Toward the end of the 2021 Florida legislative session, the Florida Senate passed Senate Bill 76, a bill that focuses on reducing litigation related to property insurance claims and also places restrictions on companies soliciting insureds to file roof claims.
At the heart of SB 76 is the implementation of a presuit requirement that any claimant (who is not an assignee of the policy) must provide written notice of intent to initiate litigation to the insurer at least 10 business days before filing suit under the policy. The notice of intent requires the claimant to state the alleged acts or omissions of the insurer. In addition, if the claim regards a denial of coverage by the insurer, then the claimant must provide an estimate of the damages, if known. If the alleged acts or omissions of the insurer are not a denial of coverage, then the claimant must provide a presuit demand. The presuit demand must itemize the damages, attorneys’ fees and costs, as well as the disputed amount.
SB 76 also requires insurers to have a procedure in place to promptly investigate, review, and evaluate the notices of intent. The legislation requires an insurer to respond within 10 business days after receiving the notice. If the notice of intent alleges a denial of coverage, the insurer must respond by either accepting coverage, continuing to deny coverage, or asserting its right to re-inspect the property. If the insurer chooses the latter, it must re-inspect the property within 14 business days and then indicate whether it will continue to deny coverage or accept coverage. For claims where the dispute is not a denial of coverage, SB 76 requires the insurer to make a settlement offer or require the claimant to participate in alternative dispute resolution. If alternative dispute resolution is not concluded within 90 days after the expiration of the 10-day notice of intent, the claimant may file suit without further notice to the insurer.
The presuit process introduced in SB 76 is not optional for claimants. Under the legislation, a court must dismiss without prejudice any suit where there was no notice of intent provided to the insurer, or if the presuit period did not properly conclude.
Along with the new presuit process for residential and commercial property claims, the Florida Senate also implemented reforms to the statutory award of attorneys’ fees in such lawsuits. Previously, if a claimant only recovered a small proportion of which it sought, the claimant would still recover all its reasonable attorneys’ fees and costs. Under the new legislation, the amount recovered by the claimant will determine the amount of attorneys’ fees and costs the claimant could recover from the insurer. The changes only impact lawsuits where the claimant is not an assignee of the policy.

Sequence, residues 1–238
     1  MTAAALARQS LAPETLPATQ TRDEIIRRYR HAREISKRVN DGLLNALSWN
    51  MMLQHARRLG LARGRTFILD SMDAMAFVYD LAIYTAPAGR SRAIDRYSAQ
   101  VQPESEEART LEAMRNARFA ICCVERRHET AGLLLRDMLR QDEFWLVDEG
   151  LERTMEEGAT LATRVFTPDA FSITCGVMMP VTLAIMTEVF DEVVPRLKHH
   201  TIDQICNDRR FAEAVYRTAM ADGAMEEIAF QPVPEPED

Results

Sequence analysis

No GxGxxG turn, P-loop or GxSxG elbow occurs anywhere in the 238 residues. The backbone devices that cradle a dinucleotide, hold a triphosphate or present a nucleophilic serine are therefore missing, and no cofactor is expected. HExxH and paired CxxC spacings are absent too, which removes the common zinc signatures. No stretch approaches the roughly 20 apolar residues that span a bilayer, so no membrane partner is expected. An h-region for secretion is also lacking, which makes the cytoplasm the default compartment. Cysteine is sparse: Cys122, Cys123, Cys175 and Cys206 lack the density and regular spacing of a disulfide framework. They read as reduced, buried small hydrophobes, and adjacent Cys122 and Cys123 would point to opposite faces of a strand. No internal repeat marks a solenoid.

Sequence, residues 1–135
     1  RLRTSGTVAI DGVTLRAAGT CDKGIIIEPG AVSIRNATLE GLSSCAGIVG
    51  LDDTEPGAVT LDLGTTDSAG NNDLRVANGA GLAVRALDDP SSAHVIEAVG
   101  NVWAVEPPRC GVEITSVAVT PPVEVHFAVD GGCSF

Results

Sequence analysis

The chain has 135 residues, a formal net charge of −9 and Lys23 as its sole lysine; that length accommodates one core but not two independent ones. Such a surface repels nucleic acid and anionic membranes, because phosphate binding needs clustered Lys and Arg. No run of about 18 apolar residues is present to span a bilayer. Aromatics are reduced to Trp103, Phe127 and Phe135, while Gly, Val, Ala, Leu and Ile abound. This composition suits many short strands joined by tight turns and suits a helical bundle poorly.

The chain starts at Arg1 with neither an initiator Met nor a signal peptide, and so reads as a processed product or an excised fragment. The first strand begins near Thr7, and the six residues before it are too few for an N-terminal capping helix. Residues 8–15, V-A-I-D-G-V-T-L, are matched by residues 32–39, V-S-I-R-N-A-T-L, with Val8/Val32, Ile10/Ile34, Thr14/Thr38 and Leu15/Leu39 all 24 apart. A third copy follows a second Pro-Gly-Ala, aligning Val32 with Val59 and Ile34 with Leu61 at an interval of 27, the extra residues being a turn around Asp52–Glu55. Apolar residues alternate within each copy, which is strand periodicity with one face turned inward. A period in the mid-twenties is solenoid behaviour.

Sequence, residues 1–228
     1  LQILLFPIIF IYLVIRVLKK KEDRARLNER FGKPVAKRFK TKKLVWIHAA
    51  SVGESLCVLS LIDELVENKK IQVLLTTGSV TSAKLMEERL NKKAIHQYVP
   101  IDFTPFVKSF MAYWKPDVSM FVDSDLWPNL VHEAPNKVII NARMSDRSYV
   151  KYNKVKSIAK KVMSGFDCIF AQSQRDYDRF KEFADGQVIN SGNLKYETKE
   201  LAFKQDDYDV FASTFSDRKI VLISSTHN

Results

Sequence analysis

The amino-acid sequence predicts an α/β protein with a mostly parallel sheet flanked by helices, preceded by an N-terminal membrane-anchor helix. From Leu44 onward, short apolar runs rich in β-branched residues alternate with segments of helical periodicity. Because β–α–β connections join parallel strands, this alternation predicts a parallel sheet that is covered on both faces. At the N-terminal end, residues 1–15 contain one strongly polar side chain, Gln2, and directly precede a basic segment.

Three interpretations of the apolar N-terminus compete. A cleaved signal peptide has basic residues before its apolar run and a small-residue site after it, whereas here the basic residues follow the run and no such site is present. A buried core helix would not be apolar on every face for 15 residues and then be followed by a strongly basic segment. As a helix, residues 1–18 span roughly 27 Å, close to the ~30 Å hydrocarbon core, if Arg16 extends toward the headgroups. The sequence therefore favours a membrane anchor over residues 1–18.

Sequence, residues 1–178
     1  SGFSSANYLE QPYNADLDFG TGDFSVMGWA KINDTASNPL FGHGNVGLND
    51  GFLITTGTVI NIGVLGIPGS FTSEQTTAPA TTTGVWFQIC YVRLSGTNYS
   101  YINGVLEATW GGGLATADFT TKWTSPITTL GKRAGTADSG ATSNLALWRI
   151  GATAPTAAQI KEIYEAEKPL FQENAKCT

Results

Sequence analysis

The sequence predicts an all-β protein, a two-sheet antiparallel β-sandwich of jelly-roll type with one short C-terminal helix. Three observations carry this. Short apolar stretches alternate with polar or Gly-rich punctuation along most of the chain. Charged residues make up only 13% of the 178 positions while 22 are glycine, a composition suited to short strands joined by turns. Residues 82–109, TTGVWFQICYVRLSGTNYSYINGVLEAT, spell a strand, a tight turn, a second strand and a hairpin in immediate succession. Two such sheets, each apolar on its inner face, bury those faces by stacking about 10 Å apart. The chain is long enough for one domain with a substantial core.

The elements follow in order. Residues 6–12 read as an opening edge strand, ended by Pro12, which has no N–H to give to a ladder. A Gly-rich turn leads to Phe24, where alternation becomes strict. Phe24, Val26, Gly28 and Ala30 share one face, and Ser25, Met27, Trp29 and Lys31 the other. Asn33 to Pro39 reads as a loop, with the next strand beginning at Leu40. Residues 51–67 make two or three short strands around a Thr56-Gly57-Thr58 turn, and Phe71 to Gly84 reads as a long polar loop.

The changes to the award of statutory attorneys’ fees and costs are as follows: If the difference between the amount recovered by the claimant and the presuit settlement offer is less than 20% of the disputed amount, then the claimant is not entitled to recover any attorneys’ fees and costs, as each party would be responsible for its own fees and costs. If recovery is greater than 20% but less than 50% of the disputed amount, the insurer would pay the claimant’s attorneys’ fees and costs equal to the percentage of the disputed amount obtained. In cases where the claimant recovers more than 50% of the disputed amount, the insurer would have to pay all the claimant’s attorneys’ fees and costs.
In addition to the reforms mentioned above, SB 76 addresses several issues related specifically to roof claims. Notably, the legislation prohibits advertisements by contractors that encourage, instruct, or induce a consumer to contact a contractor or public adjuster to make an insurance claim for roof damage. SB 76 also prohibits soliciting by contractors, including both in-person and electronic solicitation (phone, email, text, etc.). Further, the legislation prohibits contractors from offering residential property owners inducements (gift cards, cash, rebates, coupons) in exchange for allowing the contractor to inspect the roof or to file a roof claim with the property owner’s insurer.
Furthermore, SB 76 prohibits a contractor from interpreting a property owner’s insurance policy or from advising a property owner as to coverage under the insurance policy. An exception to these prohibitions in the legislation exists in situations where the contractor is also a licensed public adjuster. Lastly, SB 76 prohibits contractors from performing repairs for an insured property owner without first providing the property owner with a detailed cost estimate. The legislation provides that any roof contractor (either directly or through its employees and agents) may be fined up to $10,000 for any violation.
It is expected that Florida Gov. Ron DeSantis will sign SB 76 into law, which would go into effect on July 1, 2021.